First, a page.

Friday, June 21, 2019

Why Proximity to the Border Matters

Jeronimo Cortina, "From a Distance: Geographic Proximity, Partisanship, and Public Attitudes toward the U.S.–Mexico Border Wall." forthcoming in Political Research Quarterly.


The wall along the U.S.–Mexico border has become one of the most controversial issues in the immigration debate. Although the American public is often aligned with partisan predispositions, often ignored is the role that geographic distance to the border plays in forming attitudes. This paper explores the role of proximity, partisanship, and their interaction as determinants of public attitudes toward the border wall. This paper argues that geographic distance has two effects on public attitudes: as a catalyst for direct contact and as a dynamic filter that shapes how people process information and understand a particular place or policy. Using geocoded survey data from 2017, this paper shows that as the distance to the U.S.–Mexico border increases, Republicans are more likely to support building a wall along the entire border with Mexico due to a lack of direct contact, supplanting direct information with partisan beliefs.
Simply put, being close to the border means you actually understand it.
The basic premise of my argument is that distance interacts with partisan perceptions and attitudes toward the border wall. Republicans who live relatively close to the wall understand and experience the “here and now” of the border through direct contact and in terms of specific and unique features that can be experienced only by being in close proximity to it, whereas Republicans far away from the wall are perceptively separated from it and thus understand it in terms of decontextualized, general, and prototypical characteristics (Henderson et al. 2006) that align with both their own partisan beliefs (Bartels 2002) and the nationalized partisan discourse on immigration (Hopkins 2018). The results of this paper contribute to the emerging literature focusing on the effects of national versus local politics and the impacts of geography on political behavior (Enos 2017; Hopkins 2018).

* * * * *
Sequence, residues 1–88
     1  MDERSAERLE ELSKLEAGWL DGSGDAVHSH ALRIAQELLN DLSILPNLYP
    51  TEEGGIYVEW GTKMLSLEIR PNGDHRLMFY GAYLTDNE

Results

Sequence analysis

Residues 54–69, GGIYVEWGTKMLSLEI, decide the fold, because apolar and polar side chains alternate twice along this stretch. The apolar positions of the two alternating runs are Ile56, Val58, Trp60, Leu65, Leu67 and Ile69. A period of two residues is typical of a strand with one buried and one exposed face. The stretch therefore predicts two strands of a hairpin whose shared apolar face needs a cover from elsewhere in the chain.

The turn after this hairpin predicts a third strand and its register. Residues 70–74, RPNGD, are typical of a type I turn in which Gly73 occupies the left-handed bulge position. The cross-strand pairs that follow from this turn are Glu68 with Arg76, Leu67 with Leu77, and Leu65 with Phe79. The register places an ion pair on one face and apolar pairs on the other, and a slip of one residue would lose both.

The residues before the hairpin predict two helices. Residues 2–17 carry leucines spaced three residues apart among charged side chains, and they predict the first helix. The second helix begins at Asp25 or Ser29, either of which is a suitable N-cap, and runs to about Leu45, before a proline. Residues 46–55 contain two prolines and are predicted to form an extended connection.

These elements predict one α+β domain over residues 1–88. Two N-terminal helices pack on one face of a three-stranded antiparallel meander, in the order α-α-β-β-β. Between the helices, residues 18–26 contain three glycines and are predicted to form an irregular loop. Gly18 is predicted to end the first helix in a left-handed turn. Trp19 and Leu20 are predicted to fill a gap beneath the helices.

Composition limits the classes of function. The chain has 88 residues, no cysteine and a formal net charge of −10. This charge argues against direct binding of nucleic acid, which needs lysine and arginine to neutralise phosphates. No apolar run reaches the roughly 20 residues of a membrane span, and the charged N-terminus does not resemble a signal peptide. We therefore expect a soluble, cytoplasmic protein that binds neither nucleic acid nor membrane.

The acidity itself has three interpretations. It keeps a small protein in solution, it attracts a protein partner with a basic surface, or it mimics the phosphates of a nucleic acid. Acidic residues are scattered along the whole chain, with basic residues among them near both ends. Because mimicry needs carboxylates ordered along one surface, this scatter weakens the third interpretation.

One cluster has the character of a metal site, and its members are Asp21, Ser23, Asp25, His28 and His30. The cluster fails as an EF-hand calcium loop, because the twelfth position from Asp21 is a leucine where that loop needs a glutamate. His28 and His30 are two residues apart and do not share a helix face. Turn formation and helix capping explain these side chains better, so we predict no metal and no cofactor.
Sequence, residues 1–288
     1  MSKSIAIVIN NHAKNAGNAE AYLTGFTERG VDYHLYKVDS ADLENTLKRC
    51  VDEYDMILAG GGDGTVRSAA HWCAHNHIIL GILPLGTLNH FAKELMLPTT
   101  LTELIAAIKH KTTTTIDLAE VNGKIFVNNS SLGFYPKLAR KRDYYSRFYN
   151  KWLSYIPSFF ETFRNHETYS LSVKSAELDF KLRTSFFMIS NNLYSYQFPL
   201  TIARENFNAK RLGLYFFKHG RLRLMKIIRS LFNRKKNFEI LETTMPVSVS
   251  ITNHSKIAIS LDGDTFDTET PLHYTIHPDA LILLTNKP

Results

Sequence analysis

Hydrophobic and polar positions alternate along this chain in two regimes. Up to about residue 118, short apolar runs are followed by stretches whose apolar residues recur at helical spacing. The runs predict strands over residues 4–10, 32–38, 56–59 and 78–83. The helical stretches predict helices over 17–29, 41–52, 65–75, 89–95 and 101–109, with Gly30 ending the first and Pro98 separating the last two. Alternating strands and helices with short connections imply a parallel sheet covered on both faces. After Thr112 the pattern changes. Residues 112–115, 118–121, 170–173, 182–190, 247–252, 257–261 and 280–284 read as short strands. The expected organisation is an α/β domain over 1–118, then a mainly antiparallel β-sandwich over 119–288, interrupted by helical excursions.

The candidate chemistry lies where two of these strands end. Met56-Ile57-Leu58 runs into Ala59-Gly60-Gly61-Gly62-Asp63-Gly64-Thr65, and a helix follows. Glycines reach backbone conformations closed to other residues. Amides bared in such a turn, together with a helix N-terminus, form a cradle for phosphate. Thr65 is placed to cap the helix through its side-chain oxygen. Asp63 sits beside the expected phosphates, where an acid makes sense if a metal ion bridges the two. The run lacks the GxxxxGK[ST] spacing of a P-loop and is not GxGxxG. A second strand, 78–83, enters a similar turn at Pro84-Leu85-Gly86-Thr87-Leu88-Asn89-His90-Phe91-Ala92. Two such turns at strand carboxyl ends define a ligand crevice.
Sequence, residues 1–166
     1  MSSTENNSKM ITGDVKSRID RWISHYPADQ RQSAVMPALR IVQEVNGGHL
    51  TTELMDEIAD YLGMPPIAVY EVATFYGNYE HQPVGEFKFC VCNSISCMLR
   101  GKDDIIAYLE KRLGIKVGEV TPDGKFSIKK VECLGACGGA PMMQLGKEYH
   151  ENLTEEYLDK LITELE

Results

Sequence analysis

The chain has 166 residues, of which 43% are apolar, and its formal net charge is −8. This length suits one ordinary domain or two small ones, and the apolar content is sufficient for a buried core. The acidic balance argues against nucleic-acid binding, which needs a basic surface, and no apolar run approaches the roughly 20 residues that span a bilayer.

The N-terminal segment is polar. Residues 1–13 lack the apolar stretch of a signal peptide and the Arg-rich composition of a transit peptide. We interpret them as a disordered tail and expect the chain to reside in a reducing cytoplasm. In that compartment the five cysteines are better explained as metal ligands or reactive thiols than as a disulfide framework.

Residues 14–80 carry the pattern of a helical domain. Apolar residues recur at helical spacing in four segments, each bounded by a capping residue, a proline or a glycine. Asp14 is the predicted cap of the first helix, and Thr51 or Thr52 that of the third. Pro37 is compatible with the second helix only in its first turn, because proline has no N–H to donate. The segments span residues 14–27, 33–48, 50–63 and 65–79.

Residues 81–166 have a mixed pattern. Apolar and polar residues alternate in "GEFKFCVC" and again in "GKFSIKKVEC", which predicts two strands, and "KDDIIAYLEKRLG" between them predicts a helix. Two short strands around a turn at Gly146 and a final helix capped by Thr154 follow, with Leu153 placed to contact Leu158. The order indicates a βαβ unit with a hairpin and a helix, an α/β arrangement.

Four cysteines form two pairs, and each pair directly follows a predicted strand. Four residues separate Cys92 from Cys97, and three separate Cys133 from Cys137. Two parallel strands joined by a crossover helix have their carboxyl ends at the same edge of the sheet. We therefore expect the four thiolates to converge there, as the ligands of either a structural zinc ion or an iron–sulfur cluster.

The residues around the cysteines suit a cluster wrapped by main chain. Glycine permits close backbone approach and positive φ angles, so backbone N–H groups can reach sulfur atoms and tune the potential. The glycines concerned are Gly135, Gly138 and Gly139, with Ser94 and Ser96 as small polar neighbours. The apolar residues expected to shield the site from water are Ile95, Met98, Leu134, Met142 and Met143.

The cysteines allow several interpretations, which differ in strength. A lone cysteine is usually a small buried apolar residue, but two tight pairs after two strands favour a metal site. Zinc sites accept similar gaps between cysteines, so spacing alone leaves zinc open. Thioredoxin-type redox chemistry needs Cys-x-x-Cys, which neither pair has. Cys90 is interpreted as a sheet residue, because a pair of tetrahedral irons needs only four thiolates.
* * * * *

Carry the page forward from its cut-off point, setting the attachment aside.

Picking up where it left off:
When you are not close to the border, then you do not grasp the complexities of it. Instead, you are more likely to just claim you can slap a wall up there, increase border patrol, and you're all good.

I would add that some lawmakers visit the border and when there only a short time reinforce false views. A short visit can give them greater confidence in false views because of "I've been there and I've seen it with my own eyes" logic.

A final thought is that sometimes you live by the border and you're still stone cold crazy.

h/t Mike Allison 


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